Word Problems Involving Exponents Study Guide
Introduction to Word Problems Involving Exponents
Infinity is a floorless room without walls or ceilings.
This lesson will explain the rules for exponents and the various forms of numbers. Scientific notation examples and word problems involving exponents will also be demonstrated.
The Basics of Exponents
Exponents are a way of writing large and small numbers in a shortened way. In the expression 23, the number 2 is the base and the number 3 is the exponent. The exponent tells how many times the base is used as a factor, or how many times it should be multiplied. For example, the expression 2 to the third power is written as 23= 2 × 2 × 2 = 8. 23is the exponential form, 2 × 2 × 2 is the expanded form, and 8 is the standard form of this number.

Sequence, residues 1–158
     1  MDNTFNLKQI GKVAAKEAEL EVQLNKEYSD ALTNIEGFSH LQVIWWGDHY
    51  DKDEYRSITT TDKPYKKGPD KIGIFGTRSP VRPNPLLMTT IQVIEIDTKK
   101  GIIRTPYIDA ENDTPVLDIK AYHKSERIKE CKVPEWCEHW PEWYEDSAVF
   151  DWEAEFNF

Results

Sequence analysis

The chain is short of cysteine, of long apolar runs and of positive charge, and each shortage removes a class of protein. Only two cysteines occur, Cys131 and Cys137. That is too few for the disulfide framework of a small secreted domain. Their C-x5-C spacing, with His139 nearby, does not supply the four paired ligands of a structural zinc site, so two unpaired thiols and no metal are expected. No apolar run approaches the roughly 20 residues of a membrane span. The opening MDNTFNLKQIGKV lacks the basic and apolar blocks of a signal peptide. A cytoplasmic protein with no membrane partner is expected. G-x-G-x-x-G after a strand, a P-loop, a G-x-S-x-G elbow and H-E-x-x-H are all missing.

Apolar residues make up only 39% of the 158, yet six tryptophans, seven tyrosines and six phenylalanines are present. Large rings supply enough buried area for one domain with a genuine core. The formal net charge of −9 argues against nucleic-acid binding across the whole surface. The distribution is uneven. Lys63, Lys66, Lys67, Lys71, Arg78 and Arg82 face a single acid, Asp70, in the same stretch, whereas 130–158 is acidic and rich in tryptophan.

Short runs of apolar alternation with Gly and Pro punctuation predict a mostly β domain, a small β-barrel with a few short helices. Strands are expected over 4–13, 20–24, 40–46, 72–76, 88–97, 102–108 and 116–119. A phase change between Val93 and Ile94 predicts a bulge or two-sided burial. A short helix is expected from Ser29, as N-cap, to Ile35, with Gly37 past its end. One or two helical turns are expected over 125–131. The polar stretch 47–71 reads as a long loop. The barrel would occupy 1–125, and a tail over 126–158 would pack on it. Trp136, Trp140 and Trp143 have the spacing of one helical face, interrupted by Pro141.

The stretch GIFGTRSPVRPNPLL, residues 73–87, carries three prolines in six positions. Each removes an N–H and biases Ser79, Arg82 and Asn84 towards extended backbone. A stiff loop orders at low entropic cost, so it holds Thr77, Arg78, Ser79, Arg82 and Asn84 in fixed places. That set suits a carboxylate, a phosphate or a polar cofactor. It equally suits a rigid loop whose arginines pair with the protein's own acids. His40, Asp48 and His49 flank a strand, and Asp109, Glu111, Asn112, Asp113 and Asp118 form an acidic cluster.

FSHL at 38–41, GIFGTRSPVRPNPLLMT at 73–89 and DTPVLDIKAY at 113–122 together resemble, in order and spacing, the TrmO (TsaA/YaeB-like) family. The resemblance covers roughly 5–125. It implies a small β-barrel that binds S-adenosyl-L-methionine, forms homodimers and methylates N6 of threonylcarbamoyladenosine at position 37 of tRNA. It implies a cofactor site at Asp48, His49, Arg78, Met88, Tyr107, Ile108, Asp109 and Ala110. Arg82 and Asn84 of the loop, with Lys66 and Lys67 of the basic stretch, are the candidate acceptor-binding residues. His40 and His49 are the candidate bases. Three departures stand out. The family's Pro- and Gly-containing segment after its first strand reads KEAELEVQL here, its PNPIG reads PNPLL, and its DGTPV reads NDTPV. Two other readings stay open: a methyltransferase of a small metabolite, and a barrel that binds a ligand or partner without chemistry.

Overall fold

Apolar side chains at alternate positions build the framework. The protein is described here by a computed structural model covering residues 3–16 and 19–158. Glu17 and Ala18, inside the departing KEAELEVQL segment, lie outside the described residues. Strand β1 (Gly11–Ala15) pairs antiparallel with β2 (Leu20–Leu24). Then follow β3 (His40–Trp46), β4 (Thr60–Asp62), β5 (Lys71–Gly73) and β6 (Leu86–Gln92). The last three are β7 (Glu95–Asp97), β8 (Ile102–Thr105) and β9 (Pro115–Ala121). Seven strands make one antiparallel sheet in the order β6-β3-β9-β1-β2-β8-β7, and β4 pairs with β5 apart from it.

There are three useful forms of numbers when working with exponents. They are:
The rules of exponents can be explained by using the different forms of numbers.
The expressions 45and 42have the same base. In expanded form, 45= 4 × 4 × 4 × 4 × 4 and 42= 4 × 4. To multiply them together, the expression becomes 45× 42= 4 × 4 × 4 × 4 × 4 × 4 × 4. This expanded form is multiplying seven 4s together; in other words, 47. This pattern can be explained as 45× 42= 45 + 2= 47. When multiplying with like bases, add the exponents.
To divide like bases, such as 34÷ 33, use expanded form and write division as a fraction to find a pattern. The expression becomes . Notice how the common factors in the numerator and denominator cancel. This pattern can be summarized as 34÷ 33= 34 – 3= 31= 3. When dividing like bases, subtract the exponents.
Raising a Power to Another Power
When you are raising an exponent to a power, such as (24)3, the base becomes the expression within the parentheses. Therefore, to simplify this expression, rite the base 24as a factor three times. This is 24× 24× 24= 24 + 4 + 4= 212. When raising a power to another power, multiply the exponents.
The rules for exponents can be summarized as the following: